Saturday, September 11, 2010

One Knife: A Minimalist’s Take on Extreme Consumerism

From 2002 to 2004, I owned one knife – no more than that.
This one knife was a fish filleting knife. It saw duty as a paring knife, as a fish skinning knife, as a wire stripper, as a butter knife, as a dinner knife, and even as a poor flat screwdriver blade.
I had not intended, in 2002, to be a minimalist. I had no concept of what being a minimalist entailed. I simply had no need of any other knife.
When I remarried in 2005, I inherited more than 60 knives. There were dinner knives, steak knives, bread knives, electric knives, meat carving knives, paring knives, pocket knives, multi-tool knives, cheese knives, cleaving knives, and other knives whose purpose I could not guess. Of course, there were also duplicates of those knives.
The knives, to me, represented the difference between consumerism and minimalism. Each type of knife simplified a given chore, or made use of a knife a little easier for that specific task. But each knife also required specific care: cleaning, sharpening, storing and handling varied for each knife. While each chore was made easier with the correct knife, keeping track of that knife became more complex than caring for one knife.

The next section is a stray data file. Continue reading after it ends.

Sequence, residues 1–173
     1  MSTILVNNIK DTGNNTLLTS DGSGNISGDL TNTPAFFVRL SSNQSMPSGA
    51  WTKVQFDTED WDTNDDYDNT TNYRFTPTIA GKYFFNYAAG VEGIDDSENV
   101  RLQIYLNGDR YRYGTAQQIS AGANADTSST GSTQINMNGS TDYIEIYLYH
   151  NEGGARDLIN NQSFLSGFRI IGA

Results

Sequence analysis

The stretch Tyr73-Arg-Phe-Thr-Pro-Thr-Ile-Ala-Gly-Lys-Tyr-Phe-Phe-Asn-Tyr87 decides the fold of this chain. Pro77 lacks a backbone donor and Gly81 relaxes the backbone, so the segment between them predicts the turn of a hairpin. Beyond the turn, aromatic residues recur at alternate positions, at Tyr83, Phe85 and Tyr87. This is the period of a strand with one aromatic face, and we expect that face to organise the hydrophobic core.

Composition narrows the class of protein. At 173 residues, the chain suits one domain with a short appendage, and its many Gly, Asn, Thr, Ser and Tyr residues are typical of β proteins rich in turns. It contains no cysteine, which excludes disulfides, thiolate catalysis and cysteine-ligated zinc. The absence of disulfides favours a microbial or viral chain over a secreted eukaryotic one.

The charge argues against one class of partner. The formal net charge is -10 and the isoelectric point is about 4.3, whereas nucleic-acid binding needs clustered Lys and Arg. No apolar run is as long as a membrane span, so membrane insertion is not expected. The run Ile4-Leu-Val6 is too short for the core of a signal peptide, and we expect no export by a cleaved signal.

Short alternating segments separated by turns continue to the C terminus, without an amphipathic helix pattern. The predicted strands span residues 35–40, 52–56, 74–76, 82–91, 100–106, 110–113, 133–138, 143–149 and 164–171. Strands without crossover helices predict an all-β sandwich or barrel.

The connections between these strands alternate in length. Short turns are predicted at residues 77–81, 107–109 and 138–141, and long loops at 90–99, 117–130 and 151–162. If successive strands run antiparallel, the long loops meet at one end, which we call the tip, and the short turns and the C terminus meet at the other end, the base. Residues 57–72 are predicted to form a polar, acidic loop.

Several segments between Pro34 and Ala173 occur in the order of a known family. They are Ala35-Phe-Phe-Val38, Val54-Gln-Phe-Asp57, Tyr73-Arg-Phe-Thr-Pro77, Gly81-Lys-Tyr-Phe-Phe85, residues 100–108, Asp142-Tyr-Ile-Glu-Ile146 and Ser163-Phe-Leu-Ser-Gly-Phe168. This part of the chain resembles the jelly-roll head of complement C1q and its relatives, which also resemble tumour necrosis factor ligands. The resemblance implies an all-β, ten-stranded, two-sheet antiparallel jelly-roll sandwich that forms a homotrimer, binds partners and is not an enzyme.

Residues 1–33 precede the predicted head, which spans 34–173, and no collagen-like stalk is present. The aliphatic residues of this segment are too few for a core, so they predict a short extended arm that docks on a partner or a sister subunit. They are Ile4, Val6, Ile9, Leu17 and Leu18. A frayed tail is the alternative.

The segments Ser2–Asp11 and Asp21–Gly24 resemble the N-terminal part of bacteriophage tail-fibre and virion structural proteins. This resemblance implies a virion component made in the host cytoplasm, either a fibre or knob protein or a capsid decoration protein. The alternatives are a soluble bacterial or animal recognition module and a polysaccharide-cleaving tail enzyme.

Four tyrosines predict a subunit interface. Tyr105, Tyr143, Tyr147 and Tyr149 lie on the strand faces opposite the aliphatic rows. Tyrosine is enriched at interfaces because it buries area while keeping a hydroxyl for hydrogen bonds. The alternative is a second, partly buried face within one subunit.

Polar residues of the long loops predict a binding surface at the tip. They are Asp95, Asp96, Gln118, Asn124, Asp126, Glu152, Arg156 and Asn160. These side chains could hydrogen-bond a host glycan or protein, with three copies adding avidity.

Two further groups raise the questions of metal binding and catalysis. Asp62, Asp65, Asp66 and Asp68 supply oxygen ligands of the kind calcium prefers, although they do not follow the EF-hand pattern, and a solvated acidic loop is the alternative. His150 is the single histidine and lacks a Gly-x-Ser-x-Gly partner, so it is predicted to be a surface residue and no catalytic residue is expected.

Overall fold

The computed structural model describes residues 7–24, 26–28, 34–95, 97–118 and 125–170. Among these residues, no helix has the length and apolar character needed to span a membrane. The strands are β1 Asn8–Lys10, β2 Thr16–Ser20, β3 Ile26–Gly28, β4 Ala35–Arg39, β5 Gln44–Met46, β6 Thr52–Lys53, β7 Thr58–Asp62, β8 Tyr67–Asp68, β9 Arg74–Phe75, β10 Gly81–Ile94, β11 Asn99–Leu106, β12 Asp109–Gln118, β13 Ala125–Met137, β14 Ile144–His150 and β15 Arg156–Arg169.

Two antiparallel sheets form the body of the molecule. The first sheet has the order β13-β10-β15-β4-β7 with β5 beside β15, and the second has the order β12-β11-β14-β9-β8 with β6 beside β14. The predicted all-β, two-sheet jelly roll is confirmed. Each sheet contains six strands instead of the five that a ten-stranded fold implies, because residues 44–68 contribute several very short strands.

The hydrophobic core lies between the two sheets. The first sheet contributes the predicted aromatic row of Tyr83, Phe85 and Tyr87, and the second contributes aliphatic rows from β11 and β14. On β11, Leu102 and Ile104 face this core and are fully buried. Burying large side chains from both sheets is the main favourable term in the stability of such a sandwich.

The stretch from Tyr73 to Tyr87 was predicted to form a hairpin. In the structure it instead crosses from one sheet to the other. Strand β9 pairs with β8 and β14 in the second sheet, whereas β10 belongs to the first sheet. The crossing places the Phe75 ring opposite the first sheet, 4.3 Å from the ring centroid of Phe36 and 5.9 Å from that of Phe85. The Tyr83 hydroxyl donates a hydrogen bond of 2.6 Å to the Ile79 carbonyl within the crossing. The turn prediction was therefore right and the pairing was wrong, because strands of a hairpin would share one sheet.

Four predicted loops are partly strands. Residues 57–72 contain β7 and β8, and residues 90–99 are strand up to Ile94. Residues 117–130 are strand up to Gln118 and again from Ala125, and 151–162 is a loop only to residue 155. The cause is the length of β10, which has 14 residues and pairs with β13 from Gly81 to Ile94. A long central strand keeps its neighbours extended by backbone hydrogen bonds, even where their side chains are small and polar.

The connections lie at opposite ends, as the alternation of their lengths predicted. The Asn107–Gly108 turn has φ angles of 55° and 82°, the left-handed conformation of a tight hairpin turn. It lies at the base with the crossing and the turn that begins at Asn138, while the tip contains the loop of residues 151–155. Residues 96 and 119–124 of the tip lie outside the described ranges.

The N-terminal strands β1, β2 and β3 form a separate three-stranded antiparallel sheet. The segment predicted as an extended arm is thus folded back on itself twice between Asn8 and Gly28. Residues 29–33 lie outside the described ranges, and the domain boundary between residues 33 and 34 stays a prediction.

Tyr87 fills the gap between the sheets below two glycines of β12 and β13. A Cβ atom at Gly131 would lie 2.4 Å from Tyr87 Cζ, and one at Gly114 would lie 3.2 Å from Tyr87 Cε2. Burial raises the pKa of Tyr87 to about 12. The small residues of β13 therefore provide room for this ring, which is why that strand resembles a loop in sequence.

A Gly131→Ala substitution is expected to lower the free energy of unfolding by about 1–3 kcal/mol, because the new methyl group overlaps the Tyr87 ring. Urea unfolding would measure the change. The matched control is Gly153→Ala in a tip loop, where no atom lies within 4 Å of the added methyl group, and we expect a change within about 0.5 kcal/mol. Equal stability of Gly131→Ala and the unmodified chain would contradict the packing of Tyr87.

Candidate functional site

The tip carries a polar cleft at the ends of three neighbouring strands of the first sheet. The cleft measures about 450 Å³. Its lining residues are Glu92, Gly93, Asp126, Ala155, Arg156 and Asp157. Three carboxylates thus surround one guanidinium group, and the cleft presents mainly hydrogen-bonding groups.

A multitude of knives meant, too, that many people could do many tasks concurrently with each other (not that it happened frequently). But an assortment of people handling a range of knives complicates the task of tracking & caring for the items.
With my one knife, I never felt the need for more. But now that I possess dozens, I see better quality, more attractive, more durable knives that I want. Ornate handles, eversharp blades, and superior, indestructible quality make each new offering a “must-have” product.
There are risks, as well, with owning a plethora of culinary scalpels. Cuts are more frequent, breakage more common, cleanliness more essential. I can no longer just wipe the filleting knife on my trousers. Each knife need be sterilized. Each knife requires storage, and specialized storage, at that.
And I needed to learn etiquette as it pertains to the proper use of knives.
I am baffled at how I was able to survive for three years with only one knife. I marvel at the rugged pioneer independence of those that have fewer knives than I now possess, and wonder how they manage to tolerate such primitive living.
In 2002, I had no need of two knives. Now, I cannot fathom being without at least 60. It is my minimum.

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